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Indian health agency exposes details on millions of pregnant women

It took the nation's cybersecurity office three weeks to remove the records.
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A health department in India exposed more than 12.5 million medical records for pregnant women after it failed to secure a database. The records span five years for a state in the north of the country, and include sensitive data such as family medical history, the mother's age, details of other children, doctor information and court case details.

Security researcher Bob Diachenko discovered the database last month. However, it took three weeks before the Indian Computer Emergency Response Team was able to remove the records from the database, which is still available online, according to ZDNet.

Much of the data was collected under the Pre-Conception and Pre-Natal Diagnostic Techniques Act, which India's parliament enacted in 1994 to ban prenatal sex determination. It aimed to halt selective abortions of female fetuses and slow the male-skewed sex ratio in the nation. Under the law, tests that reveal the sex of an unborn child can only be conducted for genuine medical reasons. The tests must be recorded along with the reasoning for carrying them out.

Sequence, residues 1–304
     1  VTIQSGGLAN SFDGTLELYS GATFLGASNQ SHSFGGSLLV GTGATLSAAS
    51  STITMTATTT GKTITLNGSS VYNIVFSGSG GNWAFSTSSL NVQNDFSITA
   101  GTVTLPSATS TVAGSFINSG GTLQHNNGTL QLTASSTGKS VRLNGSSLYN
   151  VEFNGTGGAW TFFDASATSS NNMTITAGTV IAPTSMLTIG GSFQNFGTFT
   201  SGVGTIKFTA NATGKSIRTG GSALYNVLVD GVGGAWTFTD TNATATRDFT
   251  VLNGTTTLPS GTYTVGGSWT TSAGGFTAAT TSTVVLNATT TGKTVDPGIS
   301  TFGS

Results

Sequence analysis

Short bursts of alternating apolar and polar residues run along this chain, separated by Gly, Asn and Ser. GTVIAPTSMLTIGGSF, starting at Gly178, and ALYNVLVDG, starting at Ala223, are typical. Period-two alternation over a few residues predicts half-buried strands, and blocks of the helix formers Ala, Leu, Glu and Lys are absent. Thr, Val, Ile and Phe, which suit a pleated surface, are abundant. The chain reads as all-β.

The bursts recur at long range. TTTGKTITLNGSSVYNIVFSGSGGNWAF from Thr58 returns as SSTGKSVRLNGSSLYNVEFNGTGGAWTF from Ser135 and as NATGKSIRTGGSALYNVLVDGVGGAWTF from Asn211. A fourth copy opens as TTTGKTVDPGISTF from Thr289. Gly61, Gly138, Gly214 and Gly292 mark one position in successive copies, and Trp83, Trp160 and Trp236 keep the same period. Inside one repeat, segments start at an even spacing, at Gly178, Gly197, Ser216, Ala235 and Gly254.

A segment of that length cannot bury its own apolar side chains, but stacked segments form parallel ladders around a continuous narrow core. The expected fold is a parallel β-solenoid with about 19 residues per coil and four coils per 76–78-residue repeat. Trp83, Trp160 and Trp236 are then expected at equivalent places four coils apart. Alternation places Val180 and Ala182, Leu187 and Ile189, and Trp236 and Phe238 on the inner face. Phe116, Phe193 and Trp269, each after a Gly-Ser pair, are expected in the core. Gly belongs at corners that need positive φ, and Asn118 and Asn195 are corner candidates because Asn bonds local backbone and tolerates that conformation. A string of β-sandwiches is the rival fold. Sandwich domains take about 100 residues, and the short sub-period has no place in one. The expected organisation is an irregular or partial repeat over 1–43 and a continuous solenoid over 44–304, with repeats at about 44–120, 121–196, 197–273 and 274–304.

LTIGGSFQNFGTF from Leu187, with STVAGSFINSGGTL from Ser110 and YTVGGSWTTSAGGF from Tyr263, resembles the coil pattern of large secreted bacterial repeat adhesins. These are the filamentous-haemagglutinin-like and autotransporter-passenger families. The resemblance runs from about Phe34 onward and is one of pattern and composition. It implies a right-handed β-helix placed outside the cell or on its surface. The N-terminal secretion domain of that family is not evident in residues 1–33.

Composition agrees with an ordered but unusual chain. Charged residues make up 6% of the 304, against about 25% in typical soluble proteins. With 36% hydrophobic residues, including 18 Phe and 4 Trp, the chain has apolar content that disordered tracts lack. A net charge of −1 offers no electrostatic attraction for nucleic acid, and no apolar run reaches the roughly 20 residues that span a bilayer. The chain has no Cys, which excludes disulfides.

The exposed records included information about dates and locations of such tests, pregnancy complications, patient contact details and abortions, along with admin passwords and logins. In addition, there were details about doctors and clinics that have ultrasound machines and other equipment that can detect the sex of fetuses, along with complaints against medical professionals and facilities that carried out sex determination tests.

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